Of course it is far too soon to make an assessment of the 2014 vintage in Bordeaux (the critical month is August), but it is interesting to look at the weather conditions so far to see how they may affect the final outcome. For some unfortunate growers in the northern Médoc, we know already that they will have vastly reduced crops because of the hail storm that struck on Whit Sunday (8 June). In four or five villages to the east of Lesparre-Médoc, nearly 50% of the vineyard was affected and some growers are reporting up to 100% loss. This was the critical flowering period, and hail is very effective at stripping the vines of their leaves. No leaves means no photosynthesis and therefore no crop. Fortunately for other producers, hail is usually very localised. Outside the northern Médoc, others are more upbeat about climatic conditions so far.
In Margaux, Château Palmer reports that the winter was particularly rainy, allowing a build-up of water reserves at the property, and weather conditions in May and June were favourable for the growth of the vines. Heat conditions were generally favourable for flowering, despite some coulure and millerandage for the older Merlots, though this was not at all at the same level as last year. Green harvest work will soon be completed on the youngest vines and the Petit Verdot. “At this stage of development of the vineyard, we can hope for a good 2014 vintage, if we have a hot and dry summer,” concludes Château Palmer. The harvest is expected to start in the last week of September.
In the Graves, Rémi Edange of Domaine de Chevalier, also reports a rainy winter with build-up of water reserves. Pruning was finished at the end of March. Spring was rainy and cold from the middle to the end of May. Bud-burst was good and took place in the third week of March. Inflorescence was quite poor because of the cold and rainy conditions in 2013. This was followed by rapid and regular growth until mid-May and a return to good temperatures with flowering from 5-8 June. Early summer was quite warm with occasional showers without hail (except in Martillac, but this did not cause any damage, according to Rémi). Yield estimates are quite low for the whites (35 hl/ha) and average for the reds (40 hl/ha). As of now, mid-July, the vineyard is in a healthy state and has the potential to deliver an average yield, says Rémi.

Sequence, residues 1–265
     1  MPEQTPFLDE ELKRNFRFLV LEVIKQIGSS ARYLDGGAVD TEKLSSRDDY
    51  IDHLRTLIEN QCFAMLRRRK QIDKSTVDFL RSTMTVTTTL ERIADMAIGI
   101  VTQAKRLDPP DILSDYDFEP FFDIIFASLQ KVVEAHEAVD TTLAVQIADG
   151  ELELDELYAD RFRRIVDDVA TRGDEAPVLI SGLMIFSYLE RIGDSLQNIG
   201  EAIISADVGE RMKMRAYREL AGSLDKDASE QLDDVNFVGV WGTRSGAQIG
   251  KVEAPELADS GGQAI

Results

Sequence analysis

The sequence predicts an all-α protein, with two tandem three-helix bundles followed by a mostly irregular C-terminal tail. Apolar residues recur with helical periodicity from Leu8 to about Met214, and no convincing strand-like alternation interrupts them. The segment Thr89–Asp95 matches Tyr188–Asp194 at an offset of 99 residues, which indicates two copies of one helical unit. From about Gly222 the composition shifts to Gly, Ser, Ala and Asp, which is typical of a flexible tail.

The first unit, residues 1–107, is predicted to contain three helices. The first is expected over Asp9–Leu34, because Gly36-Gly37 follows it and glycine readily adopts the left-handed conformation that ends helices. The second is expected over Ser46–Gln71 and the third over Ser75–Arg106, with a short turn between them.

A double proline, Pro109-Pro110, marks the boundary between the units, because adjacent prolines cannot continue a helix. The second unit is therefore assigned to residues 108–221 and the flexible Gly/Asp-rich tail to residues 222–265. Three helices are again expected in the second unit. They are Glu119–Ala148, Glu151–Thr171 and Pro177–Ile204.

On the right bank, Olivier Darcy from Château Teyssier in Saint-Emilion, reports a very early start to the season following a rainy but not very cold winter. Bud burst started at the end of March. The growing season was normal until the end of May, when a cold spell delayed flowering. A return to warm weather led to flowering on 4-6 June, which is the same as in 2010 or 2012. “The vines are growing well and we are just waiting for the next major stage, the onset of ripeness,” says Olivier.
In conclusion, the 2014 vintage so far looks promising (except for those hit by hail), but as always it is “août qui fait le moût” – the weather in August will be decisive.
David Rowe wrote this article. David is a wine consultant based in Bordeaux and the former editor of Decanter Magazine